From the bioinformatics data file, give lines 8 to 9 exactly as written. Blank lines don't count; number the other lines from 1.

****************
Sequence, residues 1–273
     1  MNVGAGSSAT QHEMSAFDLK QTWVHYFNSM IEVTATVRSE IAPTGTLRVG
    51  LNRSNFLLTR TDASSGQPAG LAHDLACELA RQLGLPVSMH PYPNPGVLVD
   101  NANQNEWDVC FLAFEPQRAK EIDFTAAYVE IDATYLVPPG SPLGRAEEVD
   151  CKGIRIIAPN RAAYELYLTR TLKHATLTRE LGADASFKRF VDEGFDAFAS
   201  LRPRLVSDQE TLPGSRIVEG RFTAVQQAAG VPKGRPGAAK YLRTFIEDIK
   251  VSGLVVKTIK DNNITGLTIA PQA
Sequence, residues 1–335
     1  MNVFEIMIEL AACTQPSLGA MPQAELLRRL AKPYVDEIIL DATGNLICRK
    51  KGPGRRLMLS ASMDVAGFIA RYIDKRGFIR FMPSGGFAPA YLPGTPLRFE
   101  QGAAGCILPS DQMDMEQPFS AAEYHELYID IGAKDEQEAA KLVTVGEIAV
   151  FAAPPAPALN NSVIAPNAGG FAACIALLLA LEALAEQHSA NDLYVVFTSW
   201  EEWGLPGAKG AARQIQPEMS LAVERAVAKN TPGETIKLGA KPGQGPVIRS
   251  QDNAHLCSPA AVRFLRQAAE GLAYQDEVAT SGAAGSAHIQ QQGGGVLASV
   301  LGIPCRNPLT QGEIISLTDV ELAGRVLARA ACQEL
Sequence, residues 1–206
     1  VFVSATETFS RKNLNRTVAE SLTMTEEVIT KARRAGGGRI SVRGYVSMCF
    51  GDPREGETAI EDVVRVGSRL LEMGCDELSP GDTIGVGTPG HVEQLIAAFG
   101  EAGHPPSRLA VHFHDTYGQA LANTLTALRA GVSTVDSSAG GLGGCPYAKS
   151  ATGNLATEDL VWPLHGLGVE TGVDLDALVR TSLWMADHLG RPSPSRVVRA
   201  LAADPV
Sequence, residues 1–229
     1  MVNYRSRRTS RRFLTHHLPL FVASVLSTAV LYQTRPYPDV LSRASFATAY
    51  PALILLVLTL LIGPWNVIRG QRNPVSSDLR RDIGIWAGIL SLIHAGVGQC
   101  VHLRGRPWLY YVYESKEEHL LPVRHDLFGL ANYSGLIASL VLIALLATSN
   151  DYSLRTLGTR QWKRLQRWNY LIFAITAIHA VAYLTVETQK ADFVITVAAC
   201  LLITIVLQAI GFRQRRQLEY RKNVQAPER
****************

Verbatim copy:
Sequence, residues 1–335
     1  MNVFEIMIEL AACTQPSLGA MPQAELLRRL AKPYVDEIIL DATGNLICRK